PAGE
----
Everything Is Getting Worse. So Buy Stocks, Obviously

Everything Is Getting Worse, so Buy Stocks, Obviously

Fund managers are losing confidence in prospects for the economy and inflation, yet still see equities outperforming. There is no alternative. Photographer: Bill Pugliano/Getty Images There’s Still No Alternative

Gently, but steadily, economic expectations are coming down. It may be an overreaction to the wave of Covid-19 caused by the delta variant, or it may be a response to incoming data, or it could reflect dampening hopes for an expansive new fiscal policy in the U.S. as the standing of President Biden also dampens. But for whatever reason, hopes for a big new “reflation” or even a post-Covid “reopening” have dwindled.

One thing remains unchanged by this, however. The great majority of investors are still convinced that there is no alternative to stocks. Even with drabber economic growth in prospect, which should help fixed-income more than equities, the overwhelming consensus still calls for stocks to outperform bonds.

For some great data to substantiate this, look at the latest fund manager survey carried out by David Bowers of Absolute Strategy Research Ltd. in London. It involves asking a regular panel of investors to put a probability on certain market and economic outcomes, rather than asking about their positioning. The latest survey, completed just before last week’s Federal Open Market Committee meeting, received responses from 216 managers, overseeing $4.3 trillion of assets, and found a big majority (72%) still confident that stocks will beat bonds over the next 12 months: This is true even though the belief that inflation will continue to increase has taken a dive since the second quarter. The majority now thinks that the core PCE deflator, the Fed’s favorite indicator, won’t be higher in 12 months from now: Even though most managers are on Team Transitory, there are still comfortable majorities who expect higher commodity prices, and who expect Treasury inflation-protected securities, or TIPS, to beat regular bonds. So this is a strange combination. If we look at how the probabilities of all the scenarios offered to the fund managers have moved since the second quarter, the clearest trend is a loss of belief in higher inflation, anyway. There is also less confidence in higher corporate earnings, and in value to beat growth, and cyclical stocks to beat defensives. There is greater belief that we could be facing a global recession. Attached to these, there is greater belief in the dollar to the strengthen and U.S. equities to beat non-U.S. equities, as might be expected during an economic slowdown: Intriguingly, all of these positions co-exist with a belief that the Fed will grow more hawkish, and start to move the fed funds rate higher within the next 12 months. Not long ago, that was perceived as very unlikely. And again, to be clear, this survey was completed before the latest FOMC, in which Jerome Powell suggested that the plan was to finish tapering asset purchases next June, with interest rate rises to follow: In line with this, there is an expectation of higher 10-year yields in a year from now. That makes sense if the Fed is raising rates, but of course higher rates would seem to make less sense if inflation isn’t rising and the possibility of a recession is looming: Note that investors have been almost perpetually braced for higher 10-year yields, and yet they have been almost perpetually wrong. (I feel their pain.) This chart shows subsequent 12-month percentage moves in the 10-year yield since 2018. Until the pandemic shook everything up, expectations of increases went regularly unfulfilled: Expectations Unrealized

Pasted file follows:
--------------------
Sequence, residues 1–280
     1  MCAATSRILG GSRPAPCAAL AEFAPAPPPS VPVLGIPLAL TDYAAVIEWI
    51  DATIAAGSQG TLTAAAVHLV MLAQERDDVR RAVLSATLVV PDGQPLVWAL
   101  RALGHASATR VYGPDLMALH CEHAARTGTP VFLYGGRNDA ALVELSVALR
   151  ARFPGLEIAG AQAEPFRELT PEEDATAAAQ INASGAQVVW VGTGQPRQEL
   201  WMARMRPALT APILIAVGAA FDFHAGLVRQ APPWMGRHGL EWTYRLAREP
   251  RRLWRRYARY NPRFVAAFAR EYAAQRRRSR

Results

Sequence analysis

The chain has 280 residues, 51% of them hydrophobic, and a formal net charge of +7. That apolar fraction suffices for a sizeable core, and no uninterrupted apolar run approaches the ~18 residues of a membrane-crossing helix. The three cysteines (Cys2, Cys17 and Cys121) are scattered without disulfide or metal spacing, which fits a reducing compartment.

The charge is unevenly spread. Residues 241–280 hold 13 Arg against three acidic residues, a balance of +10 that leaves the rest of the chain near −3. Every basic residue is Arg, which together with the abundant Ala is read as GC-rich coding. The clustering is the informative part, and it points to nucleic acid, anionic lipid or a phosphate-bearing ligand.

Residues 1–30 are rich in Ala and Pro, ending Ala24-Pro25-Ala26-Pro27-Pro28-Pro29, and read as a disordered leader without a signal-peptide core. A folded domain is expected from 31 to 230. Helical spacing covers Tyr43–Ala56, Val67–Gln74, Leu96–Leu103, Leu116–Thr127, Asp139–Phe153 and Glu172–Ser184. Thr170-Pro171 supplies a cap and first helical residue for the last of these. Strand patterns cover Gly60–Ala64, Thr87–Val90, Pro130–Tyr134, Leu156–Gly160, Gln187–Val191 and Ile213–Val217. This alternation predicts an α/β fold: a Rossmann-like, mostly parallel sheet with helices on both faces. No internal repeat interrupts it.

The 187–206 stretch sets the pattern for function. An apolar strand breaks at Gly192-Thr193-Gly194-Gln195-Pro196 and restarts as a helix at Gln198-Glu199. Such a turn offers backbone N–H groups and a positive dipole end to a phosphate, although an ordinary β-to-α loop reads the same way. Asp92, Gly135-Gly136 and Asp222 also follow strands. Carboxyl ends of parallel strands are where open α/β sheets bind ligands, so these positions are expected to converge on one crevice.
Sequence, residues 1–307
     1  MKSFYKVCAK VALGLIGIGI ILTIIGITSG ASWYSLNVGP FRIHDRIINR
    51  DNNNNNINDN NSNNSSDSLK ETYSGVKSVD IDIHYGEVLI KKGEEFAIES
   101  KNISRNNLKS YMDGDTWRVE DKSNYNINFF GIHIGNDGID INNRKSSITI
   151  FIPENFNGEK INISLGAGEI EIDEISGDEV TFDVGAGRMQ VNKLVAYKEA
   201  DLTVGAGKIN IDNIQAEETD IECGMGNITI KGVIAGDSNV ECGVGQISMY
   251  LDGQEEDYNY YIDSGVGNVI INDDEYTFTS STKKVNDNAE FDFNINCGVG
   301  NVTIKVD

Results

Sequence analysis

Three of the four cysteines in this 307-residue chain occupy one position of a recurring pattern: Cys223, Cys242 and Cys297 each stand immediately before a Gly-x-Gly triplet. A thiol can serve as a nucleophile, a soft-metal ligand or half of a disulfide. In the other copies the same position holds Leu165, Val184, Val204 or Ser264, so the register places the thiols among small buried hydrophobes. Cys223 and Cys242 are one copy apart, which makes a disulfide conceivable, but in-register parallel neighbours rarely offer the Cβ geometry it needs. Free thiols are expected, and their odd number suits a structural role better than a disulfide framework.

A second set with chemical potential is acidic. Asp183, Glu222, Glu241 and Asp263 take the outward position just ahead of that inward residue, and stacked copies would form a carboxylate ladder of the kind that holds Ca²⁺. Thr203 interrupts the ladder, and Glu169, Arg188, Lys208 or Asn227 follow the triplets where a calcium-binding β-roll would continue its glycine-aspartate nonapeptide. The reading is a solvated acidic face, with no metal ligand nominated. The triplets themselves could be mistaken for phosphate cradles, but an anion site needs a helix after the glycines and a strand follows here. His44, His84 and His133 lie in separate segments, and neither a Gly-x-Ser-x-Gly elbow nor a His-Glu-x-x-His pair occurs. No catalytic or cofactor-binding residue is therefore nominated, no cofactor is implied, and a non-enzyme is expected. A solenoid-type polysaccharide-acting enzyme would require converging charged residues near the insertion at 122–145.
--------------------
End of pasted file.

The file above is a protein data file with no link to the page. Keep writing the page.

Investors braced for higher 10-year yields in 2018 and 2019; but they fell Putting the various elements together, this suggests that investors are braced for a hawkish error by the Fed; inflation isn’t going to be more than transitory, but rates and yields are heading up and the economy is slowing down. Despite this, there is continued confidence that high-yield bonds will beat investment-grade (which in turn will beat Treasury bonds): Putting everything through the Absolute Strategy Research algorithm, we discover that belief in inflation is still the critical dividing line between bulls and bears. Those who think that inflation is more than transitory are far more likely to think that a 20% drawdown for the S&P 500 lies ahead, while those on Team Transitory are much more confident about stocks. Optimism for the economy as a whole is continuing to fall: These findings are in line with other results. The Citigroup Inc. Economic Surprise indexes for the U.S., the euro zone and China show that […]

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